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The best way for UMBC to fight voter suppression? Cancel classes on election day.

Election day is fast approaching, and the youth vote has never been more important. In line with understanding the gravity of the moment, the University of Maryland, Baltimore County needs to cancel classes on election day, Nov. 3.

Historically, the United States has been tainted by voter suppression, hitting communities of color especially hard. According to USA Today, “Black and Hispanic people, on average, waited 45% longer than white people to vote in 2018, according to a study by the Brennan Center for Justice at New York University.” The least that UMBC can do is give students the day off in order to vote, volunteer and generally stay up to date on the election.

The importance of voting is something UMBC clearly understands, with the Center for Democracy and Civic Life urgently encouraging students to register to vote. But the hypocrisy of our university urging the student body to vote, but not going one step further to give students the day to engage with the democratic process is absurd. It does not matter how many “cast your whole vote” campaigns UMBC puts in place, students who have work and school will be less likely to actually vote than if they had the day off. 

Actions speak louder than words, UMBC. Give students and faculty the day off.

The day after the 2016 election is a day every young person remembers. Many people of color stayed at home, fearing hate speech and violence. This is an incredibly high-stakes election, and the ramifications of the results have the potential to be dire. For many of us, the harrowing and convoluted nature of this election reverberates within our conversations with friends and family. Considering election day a holiday will allow students to truly focus on the democratic process as it happens.

In addition, each university has the opportunity to compensate for the fact that the federal government does not designate election day as a federal holiday. The best way to fight voter suppression is to make voting easier for students. For those who live out of state and are choosing to vote in-person, students will have to allocate travel time, skipping class or playing a Zoom class while driving. By allowing students the day off, UMBC will show that completing our civic duty comes first.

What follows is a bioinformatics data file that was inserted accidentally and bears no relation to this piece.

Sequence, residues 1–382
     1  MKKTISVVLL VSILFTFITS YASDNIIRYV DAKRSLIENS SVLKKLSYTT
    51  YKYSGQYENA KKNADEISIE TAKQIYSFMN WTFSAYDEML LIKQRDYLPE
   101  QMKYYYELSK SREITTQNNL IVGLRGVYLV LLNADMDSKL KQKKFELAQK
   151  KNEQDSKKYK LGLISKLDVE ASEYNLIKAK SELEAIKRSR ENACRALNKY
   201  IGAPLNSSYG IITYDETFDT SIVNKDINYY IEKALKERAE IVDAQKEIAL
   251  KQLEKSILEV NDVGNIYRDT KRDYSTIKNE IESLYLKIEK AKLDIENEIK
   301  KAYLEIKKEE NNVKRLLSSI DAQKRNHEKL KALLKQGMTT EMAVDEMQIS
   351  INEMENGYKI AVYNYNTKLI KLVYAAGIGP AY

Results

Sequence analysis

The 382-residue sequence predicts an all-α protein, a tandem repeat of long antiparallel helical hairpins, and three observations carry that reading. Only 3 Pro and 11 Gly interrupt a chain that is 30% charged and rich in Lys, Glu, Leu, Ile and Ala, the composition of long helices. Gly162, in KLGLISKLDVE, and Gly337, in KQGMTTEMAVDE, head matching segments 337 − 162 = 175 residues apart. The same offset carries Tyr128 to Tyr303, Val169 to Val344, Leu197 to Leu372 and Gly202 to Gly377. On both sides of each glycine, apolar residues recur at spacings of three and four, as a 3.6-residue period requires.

In a New York Times piece, Alexandria Symonds explored the reasons young people don’t vote with as much fervor as other age brackets. One of those reasons was the opportunity cost. Young adults often “have less flexible employment schedules or less financial cushion to take time off to vote, or who may be in temporary housing situations where they lack deep community ties.” Part of the solution is clear: knock down the barrier to voting by giving students the day off.

President of the University of Maryland, College Park, Darryll J. Pines shared on Twitter that he and the Provost asked faculty to “provide flexibility for students voting, working as election judges, or volunteering on Election Day. This extends to attendance and due dates, while aiming to avoid major assignments, exams or presentations on Nov. 3.”

But we are asking that the UMBC administration go one step further to fully invest in the civic duty of this institution. The decision should be an institution-wide one, not based on individual faculty members’ decisions. While the pandemic has complicated the voting process, this year we have the opportunity for professors to record their lectures and allow students to access the class asynchronously. 

The 2020 election is a momentous occasion. We have the ability — and the responsibility — to go above and beyond. American University, Brown University and countless others have announced that they will be cancelling classes and closing their offices on Nov. 3. UMBC should follow suit.